I believe that President Reagan’s speech is one of the most inspirational ever delivered at the Normandy commemorations.

I hope that the history we’ve discussed in the last few weeks and these inspiring words of honor will challenge you “to continue to stand for the ideals” of American patriotism.

Your historian,

Miss Sarah

P.S. We’ll have a new topic for the month of July.  Watch for the first July post on Thursday the 3rd.  (Yeah, it’ll be one day early since Friday is a holiday: 4th of July!)  I’ll give you one hint for next month’s topic: He’s one of the best known heroes of the Battle of Gettysburg.

Please leave a comment if you’ve enjoyed the Normandy Invasion posts or want to guess who will be featured in July!

June 6 – What Happened Today?

What happened today? Um…hmm – you’re most likely thinking. Is it someone’s birthday or anniversary? You’re getting closer. It’s an anniversary of a costly fight to preserve liberty and freedom of thought around the world.

June 6, 1944, was D-Day of the Allied Invasion of Nazi occupied Europe.  Seventy years ago American and British troops set foot on the shores of Normandy and battled to secure the beaches.

Attack troops go ashore in the Normandy Invasion

Allied troops go ashore in the Normandy Invasion

Sadly, this day will pass with comparatively few people – young people especially – remembering the sacrifices that were made.

If you’re wondering: what was D-Day exactly? Here are some fast facts to get started. (In my next three posts for June, we’ll explore some more in-depth stories, so “stay tuned.”)

  • The term “D-Day” is actually a military name for the day a combat attack will start; “The Normandy Invasions” is technically the correct term to use when referring to the June 6, 1944, operations
  • There had been no major land operations by the Allies in mainland Europe since the evacuation of Dunkirk in 1940
  • The campaigns in North Africa (1940-1943) and invasion of Italy (1943) were preparation and cover for the invasion of mainland Europe
  • United States’ General Dwight D. Eisenhower was the supreme commander of all Allied Forces in the invasion while General Erwin Rommel commanded the German divisions stationed in Normandy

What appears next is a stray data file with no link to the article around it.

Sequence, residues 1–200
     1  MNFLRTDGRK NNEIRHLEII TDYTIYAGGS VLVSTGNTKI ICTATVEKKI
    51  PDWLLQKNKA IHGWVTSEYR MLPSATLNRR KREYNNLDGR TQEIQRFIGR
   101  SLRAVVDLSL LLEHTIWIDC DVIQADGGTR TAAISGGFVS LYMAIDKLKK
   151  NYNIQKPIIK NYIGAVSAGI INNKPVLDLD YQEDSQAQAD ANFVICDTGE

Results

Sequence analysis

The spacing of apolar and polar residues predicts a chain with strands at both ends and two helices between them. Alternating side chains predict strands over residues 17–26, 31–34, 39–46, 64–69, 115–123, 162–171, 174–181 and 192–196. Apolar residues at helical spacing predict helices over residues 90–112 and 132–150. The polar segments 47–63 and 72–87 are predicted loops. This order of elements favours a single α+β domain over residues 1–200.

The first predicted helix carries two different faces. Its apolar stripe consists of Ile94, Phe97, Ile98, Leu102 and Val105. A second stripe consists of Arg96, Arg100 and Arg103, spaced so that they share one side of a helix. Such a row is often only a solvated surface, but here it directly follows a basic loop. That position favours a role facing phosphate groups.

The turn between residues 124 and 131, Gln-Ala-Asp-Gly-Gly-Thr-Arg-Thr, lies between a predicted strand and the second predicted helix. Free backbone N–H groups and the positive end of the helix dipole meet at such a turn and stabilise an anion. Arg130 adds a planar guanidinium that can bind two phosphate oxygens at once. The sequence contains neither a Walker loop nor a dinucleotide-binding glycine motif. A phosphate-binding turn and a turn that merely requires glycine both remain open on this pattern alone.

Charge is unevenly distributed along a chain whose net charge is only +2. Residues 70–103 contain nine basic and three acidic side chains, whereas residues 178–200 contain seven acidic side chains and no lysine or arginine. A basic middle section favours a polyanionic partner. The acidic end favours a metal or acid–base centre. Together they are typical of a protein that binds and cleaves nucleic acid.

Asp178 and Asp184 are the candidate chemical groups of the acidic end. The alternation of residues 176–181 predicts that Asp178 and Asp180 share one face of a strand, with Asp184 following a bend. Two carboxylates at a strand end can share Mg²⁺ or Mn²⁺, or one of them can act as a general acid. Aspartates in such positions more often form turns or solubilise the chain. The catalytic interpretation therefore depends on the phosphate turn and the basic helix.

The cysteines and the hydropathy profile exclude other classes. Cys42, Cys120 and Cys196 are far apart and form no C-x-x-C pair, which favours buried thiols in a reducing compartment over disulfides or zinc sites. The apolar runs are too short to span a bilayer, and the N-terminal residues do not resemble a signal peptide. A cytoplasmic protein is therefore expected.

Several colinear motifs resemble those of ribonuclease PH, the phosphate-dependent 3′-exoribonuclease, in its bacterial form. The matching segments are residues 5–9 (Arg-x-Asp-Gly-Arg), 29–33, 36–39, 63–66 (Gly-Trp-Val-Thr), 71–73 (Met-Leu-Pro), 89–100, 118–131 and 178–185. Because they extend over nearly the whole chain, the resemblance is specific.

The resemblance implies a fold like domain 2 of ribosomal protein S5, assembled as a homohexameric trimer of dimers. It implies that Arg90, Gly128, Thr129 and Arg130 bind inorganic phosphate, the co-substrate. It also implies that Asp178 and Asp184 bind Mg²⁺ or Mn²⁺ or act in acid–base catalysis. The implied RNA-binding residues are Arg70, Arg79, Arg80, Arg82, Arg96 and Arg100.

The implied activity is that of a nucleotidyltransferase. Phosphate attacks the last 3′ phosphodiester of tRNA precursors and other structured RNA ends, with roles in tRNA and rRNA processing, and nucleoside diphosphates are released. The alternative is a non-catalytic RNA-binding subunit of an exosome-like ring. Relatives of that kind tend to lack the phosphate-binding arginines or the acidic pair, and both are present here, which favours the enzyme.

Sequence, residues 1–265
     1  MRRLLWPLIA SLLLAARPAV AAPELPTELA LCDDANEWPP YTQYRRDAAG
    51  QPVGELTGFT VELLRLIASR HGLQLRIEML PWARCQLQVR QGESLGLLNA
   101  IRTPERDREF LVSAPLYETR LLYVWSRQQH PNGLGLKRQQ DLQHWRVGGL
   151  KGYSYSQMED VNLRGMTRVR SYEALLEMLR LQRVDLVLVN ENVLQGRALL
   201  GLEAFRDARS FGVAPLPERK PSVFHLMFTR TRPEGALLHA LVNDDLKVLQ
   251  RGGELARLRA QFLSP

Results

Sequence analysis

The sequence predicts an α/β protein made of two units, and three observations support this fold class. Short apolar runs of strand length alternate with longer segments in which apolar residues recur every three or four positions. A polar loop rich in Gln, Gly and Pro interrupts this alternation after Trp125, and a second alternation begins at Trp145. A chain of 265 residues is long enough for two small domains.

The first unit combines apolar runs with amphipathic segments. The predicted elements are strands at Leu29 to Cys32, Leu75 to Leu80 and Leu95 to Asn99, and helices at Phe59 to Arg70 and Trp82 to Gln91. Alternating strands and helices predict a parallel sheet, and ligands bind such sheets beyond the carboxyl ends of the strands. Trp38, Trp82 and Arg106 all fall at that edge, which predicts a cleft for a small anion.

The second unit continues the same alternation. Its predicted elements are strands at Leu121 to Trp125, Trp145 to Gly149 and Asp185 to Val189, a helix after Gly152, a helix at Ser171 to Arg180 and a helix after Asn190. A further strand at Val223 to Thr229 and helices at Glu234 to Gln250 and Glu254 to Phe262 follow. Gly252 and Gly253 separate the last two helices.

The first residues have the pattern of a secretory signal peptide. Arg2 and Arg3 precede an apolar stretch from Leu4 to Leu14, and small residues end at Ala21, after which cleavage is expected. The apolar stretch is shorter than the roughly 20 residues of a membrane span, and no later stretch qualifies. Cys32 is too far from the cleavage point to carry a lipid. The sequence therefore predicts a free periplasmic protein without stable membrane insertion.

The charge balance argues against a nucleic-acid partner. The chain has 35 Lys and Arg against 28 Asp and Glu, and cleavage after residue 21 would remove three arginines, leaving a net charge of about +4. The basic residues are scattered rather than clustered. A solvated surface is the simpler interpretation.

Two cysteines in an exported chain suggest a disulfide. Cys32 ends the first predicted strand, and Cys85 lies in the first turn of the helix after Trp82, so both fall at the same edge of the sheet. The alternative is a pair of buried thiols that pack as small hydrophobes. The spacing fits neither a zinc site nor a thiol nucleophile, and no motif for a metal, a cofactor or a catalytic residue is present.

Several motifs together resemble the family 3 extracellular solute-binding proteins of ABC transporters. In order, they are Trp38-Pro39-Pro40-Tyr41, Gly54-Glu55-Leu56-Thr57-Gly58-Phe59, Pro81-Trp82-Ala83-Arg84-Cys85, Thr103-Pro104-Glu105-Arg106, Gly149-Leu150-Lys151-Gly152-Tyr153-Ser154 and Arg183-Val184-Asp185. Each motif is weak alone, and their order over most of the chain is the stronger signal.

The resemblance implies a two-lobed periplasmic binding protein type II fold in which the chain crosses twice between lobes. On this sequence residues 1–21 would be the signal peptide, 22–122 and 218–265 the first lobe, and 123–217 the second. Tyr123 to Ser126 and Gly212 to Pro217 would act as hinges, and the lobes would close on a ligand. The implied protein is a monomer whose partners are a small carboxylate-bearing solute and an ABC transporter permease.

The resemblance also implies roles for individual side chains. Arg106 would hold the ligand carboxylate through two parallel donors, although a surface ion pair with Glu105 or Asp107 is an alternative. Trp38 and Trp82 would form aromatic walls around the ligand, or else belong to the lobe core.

• The code name for the invasion was Operation Overlord
  • There were five beach landings in Normandy; the code names for the beaches were Utah, Omaha, Gold, Juno and Sword

Map of Allied Invasion of Normandy Beaches Left to Right are Utah, Omaha, Gold, Juno, Sword

Map of Allied Invasion of Normandy
Beaches Left to Right are Utah, Omaha, Gold, Juno, Sword

  • In the months prior to the landings, the Allies executed bombing raids and a fight to secure air superiority
  • French Resistance Forces played an underground role assisting the Allies in the preparation and attack
  • Paratroopers and Gilders were the first wave of the June 6th attack
  • A naval bombardment of the German “sea wall” defenses preceded troop landings

A British ship during the Normandy Invasion

A British ship during the Normandy Invasion

  • Over 5,500 sea vessels were part of the Normandy landings, making it the largest seaborne invasion in history
  • Approximately 160,000 troops crossed the English Channel on D-Day
  • Utah and Omaha Beaches were attacked by American troops; Gold, Juno, and Sword were captured by English and Canadian soldiers
  • Allied casualties were approximately 12,000 (dead, wounded, missing) and German casualties were between 4,000 and 9,000
  • The objective was achieved and in the following months Allied forces broke out of Normandy and began a rapid, fighting advance through Europe which culminated less than a year later with the capture of Berlin, Germany and VE (Victory in Europe) Day

Freedom isn’t free and many soldiers made the ultimate sacrifice because they wanted liberties they enjoyed to remain for the next generation. Do we – those next generations – value our freedom and do we honor their sacrifices?

Start today – remember. Ask your friends, acquaintances, co-workers, or strangers if they know what happened 70 years ago and gently remind them of their patriotic duties. Fly the flag that waved victoriously over the beaches. Thank veterans of all wars for their service. And always REMEMBER.

Your historian,

Miss Sarah